Internet Anthropologist Think Tank: FBI on top of terrorist in USA

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    Tuesday, October 02, 2007

    FBI on top of terrorist in USA

    An understanding of today’s al-Qa’ida requires an appreciation for the organization’s adoption of fourth generation warfare tactics.3 The concepts of fourth generation warfare were first presented in a 1989 Marine Corps Gazette article entitled “The Changing Face of War: Into the Fourth Generation,” which argued that such warfare was “likely to be widely dispersed and largely undefined; the distinction between war and peace will be blurred to the vanishing point.”

    Our kids could still be fighting this on a low grade, very high risk level, nukes, in the future.

    “This new type of war presents significant difficulties for the Western war machine” the publication said. “Fourth generation wars have already occurred and . . . the superiority of the theoretically weaker party has already been proven; in many instances, nation-states have been defeated by stateless nations.”6 Al-Qa’ida’s adoption of fourth generation warfare tactics offer a useful case study for understanding networked terrorist organizations.

    al qaeda is organized for Internet war, USA has the power, but not the will yet.

    By their unique nature, terrorist organizations face difficult challenges in almost any operational environment, particularly in terms of maintaining situational awareness, controlling the use of violence to achieve specified political ends, and of course, preventing the authorities from degrading the group’s capabilities.

    They also face problems common to other types of organizations, including private firms, political parties, social movements, and traditional insurgencies. For example, political and ideological leaders—the principals—must delegate certain duties to middlemen or low-level operatives, their agents. But because of differences in personal preferences, as well as the need to maintain operational secrecy, terrorist group leaders cannot perfectly monitor what their agents are doing. Thus, preference divergence creates operational challenges which can be exploited to degrade a terrorist group’s capabilities.

    When combined with an assessment of what is known about the current characteristics of the al-Qa’ida network, this analysis reveals emerging organizational challenges, internal divisions, and an appreciation for where, and under what conditions, the network is most vulnerable to exploitation.

    These challenges lead to several recurring themes in terrorists’ organizational writings. We see a consistent focus on how to achieve the appropriate use of violence when the rank and file often clamor for more violence than is useful, or seek to enrich themselves in the course of their duties. Groups also struggle with the problem of maintaining situational awareness while staying covert, so that members understand which actions will support the political goal, and which will be counterproductive ( BEHEADINGS ). Finally, there is regular concern with balancing the need to control operational elements with the need to evade government attention and limit the consequences of any compromise.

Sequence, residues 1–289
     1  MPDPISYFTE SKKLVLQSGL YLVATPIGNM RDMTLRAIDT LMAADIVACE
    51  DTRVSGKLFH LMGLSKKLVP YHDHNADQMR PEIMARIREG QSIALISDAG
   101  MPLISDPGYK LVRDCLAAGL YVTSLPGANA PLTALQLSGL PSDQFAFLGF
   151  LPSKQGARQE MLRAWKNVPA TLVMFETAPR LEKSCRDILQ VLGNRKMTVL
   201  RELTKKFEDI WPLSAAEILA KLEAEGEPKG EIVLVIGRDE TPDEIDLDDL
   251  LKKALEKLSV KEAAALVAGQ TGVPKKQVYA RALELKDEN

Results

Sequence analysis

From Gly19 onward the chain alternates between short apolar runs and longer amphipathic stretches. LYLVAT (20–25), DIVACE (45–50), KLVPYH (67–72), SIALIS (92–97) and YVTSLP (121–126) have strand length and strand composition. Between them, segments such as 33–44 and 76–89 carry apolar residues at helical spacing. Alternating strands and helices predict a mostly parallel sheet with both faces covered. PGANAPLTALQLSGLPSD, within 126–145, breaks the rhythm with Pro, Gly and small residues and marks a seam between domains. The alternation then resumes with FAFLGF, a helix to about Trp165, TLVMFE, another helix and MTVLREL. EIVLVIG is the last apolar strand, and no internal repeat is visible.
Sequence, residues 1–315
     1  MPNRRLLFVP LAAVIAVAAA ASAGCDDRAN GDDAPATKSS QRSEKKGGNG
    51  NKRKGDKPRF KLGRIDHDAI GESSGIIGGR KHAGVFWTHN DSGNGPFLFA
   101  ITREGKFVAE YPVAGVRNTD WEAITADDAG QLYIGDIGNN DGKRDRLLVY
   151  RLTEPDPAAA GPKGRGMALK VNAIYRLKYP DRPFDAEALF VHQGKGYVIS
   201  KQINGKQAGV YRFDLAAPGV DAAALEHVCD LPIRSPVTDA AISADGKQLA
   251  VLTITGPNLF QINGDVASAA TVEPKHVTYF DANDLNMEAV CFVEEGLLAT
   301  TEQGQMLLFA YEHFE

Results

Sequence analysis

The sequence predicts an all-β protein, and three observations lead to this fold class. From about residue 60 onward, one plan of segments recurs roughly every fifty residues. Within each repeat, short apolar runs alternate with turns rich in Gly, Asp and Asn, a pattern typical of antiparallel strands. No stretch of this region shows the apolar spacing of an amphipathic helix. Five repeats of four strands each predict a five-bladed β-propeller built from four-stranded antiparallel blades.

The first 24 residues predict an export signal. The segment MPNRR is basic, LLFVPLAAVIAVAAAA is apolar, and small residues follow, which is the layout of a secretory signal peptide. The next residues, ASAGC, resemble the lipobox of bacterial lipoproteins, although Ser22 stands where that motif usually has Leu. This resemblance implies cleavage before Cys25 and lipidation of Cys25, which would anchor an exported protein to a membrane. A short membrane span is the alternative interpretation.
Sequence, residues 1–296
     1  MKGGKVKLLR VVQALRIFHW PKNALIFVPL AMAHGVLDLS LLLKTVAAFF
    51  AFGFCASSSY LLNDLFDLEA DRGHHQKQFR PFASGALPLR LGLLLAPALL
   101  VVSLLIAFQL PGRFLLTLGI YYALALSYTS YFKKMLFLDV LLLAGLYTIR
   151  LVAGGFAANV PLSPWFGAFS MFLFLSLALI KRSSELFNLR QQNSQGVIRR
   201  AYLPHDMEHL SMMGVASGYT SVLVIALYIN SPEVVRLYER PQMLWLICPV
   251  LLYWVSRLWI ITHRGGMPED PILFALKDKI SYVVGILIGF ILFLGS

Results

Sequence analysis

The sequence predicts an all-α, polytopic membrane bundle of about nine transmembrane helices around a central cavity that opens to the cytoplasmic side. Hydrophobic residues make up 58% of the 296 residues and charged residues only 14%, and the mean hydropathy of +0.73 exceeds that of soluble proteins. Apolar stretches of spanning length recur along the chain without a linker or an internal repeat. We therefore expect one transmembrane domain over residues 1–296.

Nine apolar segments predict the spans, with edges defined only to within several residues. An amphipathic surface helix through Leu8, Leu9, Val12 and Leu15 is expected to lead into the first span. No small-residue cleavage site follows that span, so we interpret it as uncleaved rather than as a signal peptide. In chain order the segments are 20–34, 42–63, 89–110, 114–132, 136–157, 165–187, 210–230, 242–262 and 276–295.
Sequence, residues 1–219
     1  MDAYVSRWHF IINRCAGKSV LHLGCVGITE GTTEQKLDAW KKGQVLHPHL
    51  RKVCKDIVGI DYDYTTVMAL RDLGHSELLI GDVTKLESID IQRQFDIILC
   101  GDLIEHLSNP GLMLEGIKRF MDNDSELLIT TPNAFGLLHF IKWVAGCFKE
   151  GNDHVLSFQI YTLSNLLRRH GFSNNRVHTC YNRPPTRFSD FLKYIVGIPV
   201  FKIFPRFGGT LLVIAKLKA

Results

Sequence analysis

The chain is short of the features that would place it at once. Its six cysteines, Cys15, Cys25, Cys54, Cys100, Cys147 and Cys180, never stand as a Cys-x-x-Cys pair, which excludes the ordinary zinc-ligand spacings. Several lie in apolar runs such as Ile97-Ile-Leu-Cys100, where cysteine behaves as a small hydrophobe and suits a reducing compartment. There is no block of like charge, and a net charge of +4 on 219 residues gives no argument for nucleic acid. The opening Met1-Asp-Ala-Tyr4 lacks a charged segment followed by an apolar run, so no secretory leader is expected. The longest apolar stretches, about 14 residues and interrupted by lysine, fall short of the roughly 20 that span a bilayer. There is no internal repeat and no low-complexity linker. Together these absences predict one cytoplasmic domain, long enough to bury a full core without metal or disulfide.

Security concerns mean they cannot perfectly monitor what agents are doing.20 Moreover, the nature of the operational environment means that it is hard to punish agents, even when leaders do catch them taking unauthorized actions. In terrorist groups, the agents hold an implicit threat over group principals—they can go to the government. For example, Jamal Ahmed Al Fadl, who testified in the Embassy bombing trial, stole money from al-Qa’ida, got caught, went on the run, and approached the U.S. government in an attempt to save himself and his family.

    Open-source analyses of terrorist organizations generally begin from the perspective that members of these groups are uniformly motivated by the cause, are equally willing to sacrifice for the cause, agree on what the cause is, and see eye-to-eye on the best tactics to achieve their strategic end.24 However, substantial evidence has accumulated to indicate this is not the case. The Harmony documents reveal a surprising level of infighting and conflict, even within highly capable groups such as al-Qa’ida (Al Adl Letter, Harmony AFGP-2002-600080).

    The primary cause of preference divergence over spending is a natural selection process that occurs over the course of terrorists’ career paths. Within the population of new terrorist recruits, there is a distribution of commitment to the cause.26 Even though all may seem quite committed to us, some are always more willing to sacrifice than others.27 Over the course of many years in the jihad, the most committed members are the most likely to volunteer for risky or inherently fatal assignments.